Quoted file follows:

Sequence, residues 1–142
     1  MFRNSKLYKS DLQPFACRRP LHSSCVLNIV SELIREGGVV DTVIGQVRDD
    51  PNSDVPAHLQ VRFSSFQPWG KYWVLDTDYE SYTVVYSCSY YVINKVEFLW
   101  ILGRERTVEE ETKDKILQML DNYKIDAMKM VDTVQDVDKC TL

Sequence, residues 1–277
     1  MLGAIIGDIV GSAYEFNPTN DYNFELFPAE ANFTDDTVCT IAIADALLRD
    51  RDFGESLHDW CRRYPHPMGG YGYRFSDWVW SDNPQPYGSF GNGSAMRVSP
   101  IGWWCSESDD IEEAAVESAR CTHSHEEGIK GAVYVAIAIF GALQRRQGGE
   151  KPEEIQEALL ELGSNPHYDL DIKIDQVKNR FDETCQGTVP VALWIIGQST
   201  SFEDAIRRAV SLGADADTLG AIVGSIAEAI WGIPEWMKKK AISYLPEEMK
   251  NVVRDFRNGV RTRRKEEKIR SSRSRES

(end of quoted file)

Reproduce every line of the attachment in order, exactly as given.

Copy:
Sequence, residues 1–142
     1  MFRNSKLYKS DLQPFACRRP LHSSCVLNIV SELIREGGVV DTVIGQVRDD
    51  PNSDVPAHLQ VRFSSFQPWG KYWVLDTDYE SYTVVYSCSY YVINKVEFLW
   101  ILGRERTVEE ETKDKILQML DNYKIDAMKM VDTVQDVDKC TL

Sequence, residues 1–277
     1  MLGAIIGDIV GSAYEFNPTN DYNFELFPAE ANFTDDTVCT IAIADALLRD
    51  RDFGESLHDW CRRYPHPMGG YGYRFSDWVW SDNPQPYGSF GNGSAMRVSP
   101  IGWWCSESDD IEEAAVESAR CTHSHEEGIK GAVYVAIAIF GALQRRQGGE
   151  KPEEIQEALL ELGSNPHYDL DIKIDQVKNR FDETCQGTVP VALWIIGQST
   201  SFEDAIRRAV SLGADADTLG AIVGSIAEAI WGIPEWMKKK AISYLPEEMK
   251  NVVRDFRNGV RTRRKEEKIR SSRSRES